8. Matters are “substantially related” if they involve the same transaction or legal dispute or, if under the circumstances a reasonable lawyer would conclude that there is otherwise a substantial risk that confidential factual information that would normally have been obtained in the prior representation would materially advance the client’s position in the subsequent matter.” Rule 1.9, Cmt. . This includes “knowledge of specific facts gained in a prior representation that are relevant to the matter in question,” Rule 1.9, Cmt. ; N.Y. State 628 (1992), and confidential information “that would be useful against the former client in the present representation.” Simon’s New York Rules of Professional Conduct Annotated 419 (2012 ed.). We have recognized that even where different facts are implicated, the matters are substantially related where both matters involve the same issues. N.Y. State 761 (2003); N.Y. State 723 (1999). As stated in N.Y. State 723 (1999), there likely is a substantial relationship between matters “where the issue in controversy in the second matter arose out of a transaction in which the lawyer represented the former client,” and where the lawyer obtained confidential information “that should be used against the former client in the current representation.” Conversely, we have stated that where there is no likely use of previously obtained confidential information in the new matter, no substantial relationship exists. N.Y. State 628 (1992) (finding no substantial relationship between matters regarding a theft in a restaurant parking lot and a slip and fall in the restaurant because confidential information learned regarding former client’s financial exposure or corporate structure not relevant in the subsequent matter).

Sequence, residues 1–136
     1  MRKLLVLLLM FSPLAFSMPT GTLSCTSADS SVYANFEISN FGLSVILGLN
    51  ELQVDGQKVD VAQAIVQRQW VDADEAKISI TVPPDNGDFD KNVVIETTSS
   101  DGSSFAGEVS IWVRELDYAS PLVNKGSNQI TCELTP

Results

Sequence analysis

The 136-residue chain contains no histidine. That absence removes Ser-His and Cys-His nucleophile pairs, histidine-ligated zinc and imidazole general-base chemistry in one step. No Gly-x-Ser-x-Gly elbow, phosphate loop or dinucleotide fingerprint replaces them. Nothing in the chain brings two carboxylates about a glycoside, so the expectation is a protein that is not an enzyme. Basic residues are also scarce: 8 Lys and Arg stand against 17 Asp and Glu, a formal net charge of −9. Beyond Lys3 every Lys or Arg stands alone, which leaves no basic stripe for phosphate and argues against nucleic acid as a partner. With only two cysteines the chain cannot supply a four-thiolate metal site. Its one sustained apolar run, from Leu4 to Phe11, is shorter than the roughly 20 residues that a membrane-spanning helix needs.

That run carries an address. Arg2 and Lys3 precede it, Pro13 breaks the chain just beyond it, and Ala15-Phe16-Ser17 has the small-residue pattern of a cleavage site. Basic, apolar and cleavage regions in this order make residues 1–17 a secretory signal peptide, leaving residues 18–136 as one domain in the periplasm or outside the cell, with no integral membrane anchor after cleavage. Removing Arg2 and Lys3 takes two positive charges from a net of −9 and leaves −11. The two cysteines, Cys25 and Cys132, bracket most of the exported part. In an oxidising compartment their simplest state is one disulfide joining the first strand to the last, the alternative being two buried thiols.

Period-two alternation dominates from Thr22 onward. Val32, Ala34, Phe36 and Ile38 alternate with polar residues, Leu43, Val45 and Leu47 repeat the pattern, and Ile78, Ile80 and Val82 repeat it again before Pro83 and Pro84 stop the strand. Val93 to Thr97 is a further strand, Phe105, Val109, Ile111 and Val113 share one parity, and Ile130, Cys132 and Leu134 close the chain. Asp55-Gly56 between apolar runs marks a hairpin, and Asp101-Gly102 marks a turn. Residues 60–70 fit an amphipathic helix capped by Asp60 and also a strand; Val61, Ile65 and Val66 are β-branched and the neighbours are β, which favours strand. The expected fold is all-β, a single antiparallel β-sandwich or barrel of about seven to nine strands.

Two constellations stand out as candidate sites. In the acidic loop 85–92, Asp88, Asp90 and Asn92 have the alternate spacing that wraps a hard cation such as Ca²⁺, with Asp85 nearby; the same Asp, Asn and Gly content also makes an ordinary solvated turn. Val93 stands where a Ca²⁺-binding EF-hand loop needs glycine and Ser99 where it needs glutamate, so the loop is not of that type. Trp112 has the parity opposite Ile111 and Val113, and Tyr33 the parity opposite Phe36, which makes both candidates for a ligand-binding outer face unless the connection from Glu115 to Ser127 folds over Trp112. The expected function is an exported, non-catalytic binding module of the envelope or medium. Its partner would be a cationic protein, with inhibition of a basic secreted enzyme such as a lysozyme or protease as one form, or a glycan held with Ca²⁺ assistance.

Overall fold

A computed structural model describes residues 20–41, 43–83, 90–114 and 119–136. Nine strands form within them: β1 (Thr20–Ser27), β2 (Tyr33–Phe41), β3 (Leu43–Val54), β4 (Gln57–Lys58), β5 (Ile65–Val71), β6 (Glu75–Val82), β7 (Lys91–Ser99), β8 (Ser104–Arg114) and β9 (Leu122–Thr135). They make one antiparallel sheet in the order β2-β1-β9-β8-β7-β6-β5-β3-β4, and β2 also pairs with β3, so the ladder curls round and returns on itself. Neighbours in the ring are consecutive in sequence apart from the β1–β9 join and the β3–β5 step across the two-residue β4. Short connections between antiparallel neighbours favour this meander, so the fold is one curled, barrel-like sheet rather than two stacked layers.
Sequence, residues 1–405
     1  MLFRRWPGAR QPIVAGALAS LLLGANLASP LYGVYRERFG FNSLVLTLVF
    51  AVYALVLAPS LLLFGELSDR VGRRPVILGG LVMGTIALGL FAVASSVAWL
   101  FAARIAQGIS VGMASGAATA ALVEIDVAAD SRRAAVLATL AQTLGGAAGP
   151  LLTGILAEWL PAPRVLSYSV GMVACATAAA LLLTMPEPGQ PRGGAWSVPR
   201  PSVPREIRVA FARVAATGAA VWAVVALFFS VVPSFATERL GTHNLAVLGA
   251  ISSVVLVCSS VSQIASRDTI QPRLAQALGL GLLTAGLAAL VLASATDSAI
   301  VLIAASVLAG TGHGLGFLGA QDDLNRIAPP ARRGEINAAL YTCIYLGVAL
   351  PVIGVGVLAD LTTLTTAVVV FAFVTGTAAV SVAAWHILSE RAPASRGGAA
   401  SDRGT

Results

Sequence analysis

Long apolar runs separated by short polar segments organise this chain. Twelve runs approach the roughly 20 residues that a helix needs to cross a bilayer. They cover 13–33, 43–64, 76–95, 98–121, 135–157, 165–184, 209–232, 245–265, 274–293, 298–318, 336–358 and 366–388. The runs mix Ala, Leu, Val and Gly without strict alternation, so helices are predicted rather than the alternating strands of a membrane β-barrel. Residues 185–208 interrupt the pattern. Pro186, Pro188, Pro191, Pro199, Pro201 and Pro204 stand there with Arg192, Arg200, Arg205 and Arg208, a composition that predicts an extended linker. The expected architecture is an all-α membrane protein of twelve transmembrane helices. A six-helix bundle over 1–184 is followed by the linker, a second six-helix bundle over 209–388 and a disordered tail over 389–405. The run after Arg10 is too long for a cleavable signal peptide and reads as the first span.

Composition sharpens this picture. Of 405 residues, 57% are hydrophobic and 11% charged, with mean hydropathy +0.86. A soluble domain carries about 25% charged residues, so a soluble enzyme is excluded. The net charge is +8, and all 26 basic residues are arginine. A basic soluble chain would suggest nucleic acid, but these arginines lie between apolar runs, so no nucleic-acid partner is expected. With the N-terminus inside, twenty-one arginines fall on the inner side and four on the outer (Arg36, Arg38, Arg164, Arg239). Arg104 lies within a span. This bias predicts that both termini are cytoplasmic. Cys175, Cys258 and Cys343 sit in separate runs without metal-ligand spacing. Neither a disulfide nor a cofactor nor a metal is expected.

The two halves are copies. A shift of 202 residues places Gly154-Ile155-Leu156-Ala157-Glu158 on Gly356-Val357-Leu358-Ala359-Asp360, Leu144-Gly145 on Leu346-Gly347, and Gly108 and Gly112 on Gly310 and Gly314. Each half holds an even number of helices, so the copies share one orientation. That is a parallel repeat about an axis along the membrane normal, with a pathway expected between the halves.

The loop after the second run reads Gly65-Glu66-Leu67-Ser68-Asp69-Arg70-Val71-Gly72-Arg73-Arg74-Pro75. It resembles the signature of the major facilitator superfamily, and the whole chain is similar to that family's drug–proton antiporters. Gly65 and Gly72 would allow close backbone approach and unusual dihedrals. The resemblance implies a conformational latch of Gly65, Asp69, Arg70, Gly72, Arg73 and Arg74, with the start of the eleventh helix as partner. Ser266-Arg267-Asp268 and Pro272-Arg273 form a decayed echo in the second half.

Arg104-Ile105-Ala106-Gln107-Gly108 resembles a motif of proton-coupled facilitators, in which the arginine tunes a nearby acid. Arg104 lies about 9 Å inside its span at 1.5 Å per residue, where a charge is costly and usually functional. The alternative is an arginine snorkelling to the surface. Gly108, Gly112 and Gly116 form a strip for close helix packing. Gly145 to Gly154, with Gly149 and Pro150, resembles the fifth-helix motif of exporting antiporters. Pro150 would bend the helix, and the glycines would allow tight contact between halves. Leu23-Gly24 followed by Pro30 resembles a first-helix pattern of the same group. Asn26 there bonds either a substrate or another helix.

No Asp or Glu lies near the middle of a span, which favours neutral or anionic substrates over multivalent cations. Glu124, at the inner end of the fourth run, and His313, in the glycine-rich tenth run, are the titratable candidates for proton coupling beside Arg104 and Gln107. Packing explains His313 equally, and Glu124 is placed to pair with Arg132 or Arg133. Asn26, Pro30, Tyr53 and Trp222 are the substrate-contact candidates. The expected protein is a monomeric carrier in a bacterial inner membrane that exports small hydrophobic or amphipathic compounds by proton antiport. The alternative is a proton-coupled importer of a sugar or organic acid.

9. The facts presented do not enable the Committee to determine whether any confidences received from the homeowner are relevant to the contractor’s claim for non-payment or to any potential counterclaim by the homeowner against the contractor.
10. Even if confidential information is obtained and it is only somewhat harmful, the information does not disqualify the lawyer from representation against the prospective client. Simon’s New York Rules of Professional Conduct Annotated 690 (2012 ed.). This additional qualification is distinct from the automatic prohibition under Rule 1.9 regarding actual former clients. N.Y. City 2006-2 (stating that “[t]he ‘significantly harmful’ test sets the bar lower than in the case of a lawyer opposing a former client”). Thus, if the information imparted to the lawyer by the homeowner would not be significantly harmful to the homeowner, the lawyer could undertake the matter for the contractor.
Written Informed Consent or Screening Mechanisms
11. The prohibition under Rule 1.18 regarding prospective clients is not absolute. The lawyer or firm may be able to represent a subsequent client if the lawyer (i) obtains informed written consent from both the prospective client and the subsequent client, or (ii) establishes adequate screening mechanisms. Rule 1.18(d). However, there can be no screening here as the lawyer is a sole practitioner.
12. To waive the conflict under Rule 1.18, the lawyer must satisfy the requirements for “informed consent” and “confirmed in writing,” as defined by Rule 1.0(j) and Rule 1.0(e), respectively. To the extent such consents are obtained, the lawyer may represent the contractor in an action against the homeowner.
13. A lawyer may ethically represent a contractor seeking payment due from a homeowner who previously sought the lawyer’s advice regarding potential claims against a third party for damage that the contractor subsequently repaired, unless the information imparted to the lawyer by the homeowner would be significantly harmful to the homeowner in the contemplated action by the contractor and informed written consent is not obtained from both the homeowner and the contractor.